Fixing an individual pipe or replacing a meter is a simple task. But when network leaks and tampered connections are allowed to fester and build up over the years, losses start becoming overwhelmingly huge. The water networks are underground in the literal sense and also in the mindspace of a municipal manager: out of sight is indeed out of mind.

City utilities are extremely underserved in terms of technology solutions to aid operational management. The missing piece, as illustrated above, is an analytics solution which works across data silos and unifies utility expertise, sensor analytics, hydraulics and geospatial expertise, etc to pinpoint losses. Ideally, the solution should also provide a post-analytics task workflow to enable managerial follow up on in-the-field investigations and fixes.

How would this data-driven intelligence look like in the utility’s day to day operations?

Existing utilities networks, undergoing expansion or rehabilitation, need a bunch of pipes to be replaced within an available budget. City utility managers could prioritize only parts of the network that have a high likelihood of failure by analyzing the past maintenance history and customer complaints along with the network’s environmental stresses.
The utility manager can also proactively identify failing pipes before leaks or bursts actually develop.

In cities where customers have been metered and supply monitoring has been installed, city utility managers can be aided by a real-time bird’s-eye view and diagnosis of the lossy pipes. Operational staff can focus on tens of kilometers of pipe instead of thousands of kilometers.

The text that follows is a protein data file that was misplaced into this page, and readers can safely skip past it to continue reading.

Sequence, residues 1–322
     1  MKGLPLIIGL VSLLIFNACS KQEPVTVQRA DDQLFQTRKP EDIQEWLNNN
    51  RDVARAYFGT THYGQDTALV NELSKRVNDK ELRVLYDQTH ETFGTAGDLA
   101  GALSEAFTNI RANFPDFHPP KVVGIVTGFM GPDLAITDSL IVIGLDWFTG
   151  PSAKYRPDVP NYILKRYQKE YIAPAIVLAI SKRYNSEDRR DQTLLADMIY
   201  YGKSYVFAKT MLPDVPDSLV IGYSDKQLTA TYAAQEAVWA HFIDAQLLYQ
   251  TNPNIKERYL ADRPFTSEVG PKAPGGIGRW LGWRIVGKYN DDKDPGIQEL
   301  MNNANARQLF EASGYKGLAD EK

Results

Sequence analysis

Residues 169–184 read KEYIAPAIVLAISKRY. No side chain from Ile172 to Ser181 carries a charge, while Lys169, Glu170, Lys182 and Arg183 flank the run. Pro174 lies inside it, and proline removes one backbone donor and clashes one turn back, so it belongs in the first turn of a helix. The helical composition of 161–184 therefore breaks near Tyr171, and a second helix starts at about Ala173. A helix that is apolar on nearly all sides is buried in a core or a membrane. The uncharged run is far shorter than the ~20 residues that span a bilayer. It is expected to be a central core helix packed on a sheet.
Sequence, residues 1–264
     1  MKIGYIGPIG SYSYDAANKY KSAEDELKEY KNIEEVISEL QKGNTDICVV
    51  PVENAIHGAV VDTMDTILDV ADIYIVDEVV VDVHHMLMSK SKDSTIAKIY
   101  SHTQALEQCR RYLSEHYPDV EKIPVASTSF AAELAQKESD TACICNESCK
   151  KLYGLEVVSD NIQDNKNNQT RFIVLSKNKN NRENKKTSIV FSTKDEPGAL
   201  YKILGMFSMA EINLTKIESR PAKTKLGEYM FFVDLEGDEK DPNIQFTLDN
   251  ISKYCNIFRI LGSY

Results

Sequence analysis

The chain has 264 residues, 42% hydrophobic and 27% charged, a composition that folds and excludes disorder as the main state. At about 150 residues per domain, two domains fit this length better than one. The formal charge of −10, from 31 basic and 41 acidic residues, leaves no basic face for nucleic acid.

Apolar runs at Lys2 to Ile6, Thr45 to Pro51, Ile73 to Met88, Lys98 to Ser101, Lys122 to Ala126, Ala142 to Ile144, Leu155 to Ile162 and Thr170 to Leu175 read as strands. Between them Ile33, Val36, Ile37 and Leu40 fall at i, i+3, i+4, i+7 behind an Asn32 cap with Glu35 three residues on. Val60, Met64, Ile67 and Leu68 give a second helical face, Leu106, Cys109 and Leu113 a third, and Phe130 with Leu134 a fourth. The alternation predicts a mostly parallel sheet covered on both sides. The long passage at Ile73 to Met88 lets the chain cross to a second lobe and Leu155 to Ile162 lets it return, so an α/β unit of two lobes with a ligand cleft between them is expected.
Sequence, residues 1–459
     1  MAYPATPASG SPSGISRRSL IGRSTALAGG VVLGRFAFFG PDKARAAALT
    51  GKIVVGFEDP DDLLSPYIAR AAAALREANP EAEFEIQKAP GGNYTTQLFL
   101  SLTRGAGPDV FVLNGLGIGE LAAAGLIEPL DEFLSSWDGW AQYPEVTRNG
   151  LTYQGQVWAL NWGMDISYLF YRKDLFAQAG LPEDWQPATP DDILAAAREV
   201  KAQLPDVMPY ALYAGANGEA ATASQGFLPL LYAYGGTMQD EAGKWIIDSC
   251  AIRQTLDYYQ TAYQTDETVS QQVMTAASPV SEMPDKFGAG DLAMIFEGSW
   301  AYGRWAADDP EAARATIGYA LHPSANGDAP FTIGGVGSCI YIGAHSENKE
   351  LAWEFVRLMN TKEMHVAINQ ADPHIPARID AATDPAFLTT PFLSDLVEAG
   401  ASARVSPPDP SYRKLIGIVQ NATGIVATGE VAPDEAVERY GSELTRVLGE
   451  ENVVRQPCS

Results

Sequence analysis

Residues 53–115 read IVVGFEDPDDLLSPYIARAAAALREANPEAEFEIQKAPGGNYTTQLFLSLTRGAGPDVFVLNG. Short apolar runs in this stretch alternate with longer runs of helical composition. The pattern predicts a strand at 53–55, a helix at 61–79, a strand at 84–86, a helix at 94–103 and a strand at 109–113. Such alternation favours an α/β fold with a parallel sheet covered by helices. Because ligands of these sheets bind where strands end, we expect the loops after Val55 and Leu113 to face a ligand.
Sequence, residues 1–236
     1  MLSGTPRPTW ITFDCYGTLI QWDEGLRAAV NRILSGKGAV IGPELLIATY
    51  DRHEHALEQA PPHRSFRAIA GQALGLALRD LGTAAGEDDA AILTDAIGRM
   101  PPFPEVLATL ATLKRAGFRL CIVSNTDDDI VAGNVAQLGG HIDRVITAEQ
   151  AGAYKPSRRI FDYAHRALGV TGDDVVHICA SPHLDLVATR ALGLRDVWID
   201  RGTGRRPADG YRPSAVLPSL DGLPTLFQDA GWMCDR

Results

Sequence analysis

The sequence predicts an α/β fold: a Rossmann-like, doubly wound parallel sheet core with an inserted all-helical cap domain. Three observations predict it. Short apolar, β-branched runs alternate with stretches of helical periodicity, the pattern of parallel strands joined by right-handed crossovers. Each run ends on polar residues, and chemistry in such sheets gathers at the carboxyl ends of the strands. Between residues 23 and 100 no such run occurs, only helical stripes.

On the demand side, utility managers need to ensure customer consumption is being properly measured, ensure consumption is being equitably satisfied across the city and monitor for any illegal usage or theft. They would need analysis at the meter or household level while also analyzing across socio-economic and spatial cohorts.

Why do we need this NOW?

With the ongoing water network expansion and privatization going on in India, every city utility, whether one of the 6 mega-cities or one of the 200 Tier-1/Tier-2 cities, will require such decision-support solutions to ensure long-term efficiency and sustainability of the new infrastructure.

Water production and distribution is an energy-intensive large-scale industrial process and for many Indian cities, water and wastewater handling is the largest municipal consumer of electricity, typically accounting for a third of total electricity consumed.

Orgs such as the World Bank and NITI Aayog estimate that by 2030, India will face a 50% shortfall in water supply equating to hundreds of millions of people facing severe water scarcity. And result in about a 6% loss in the country’s GDP by 2050.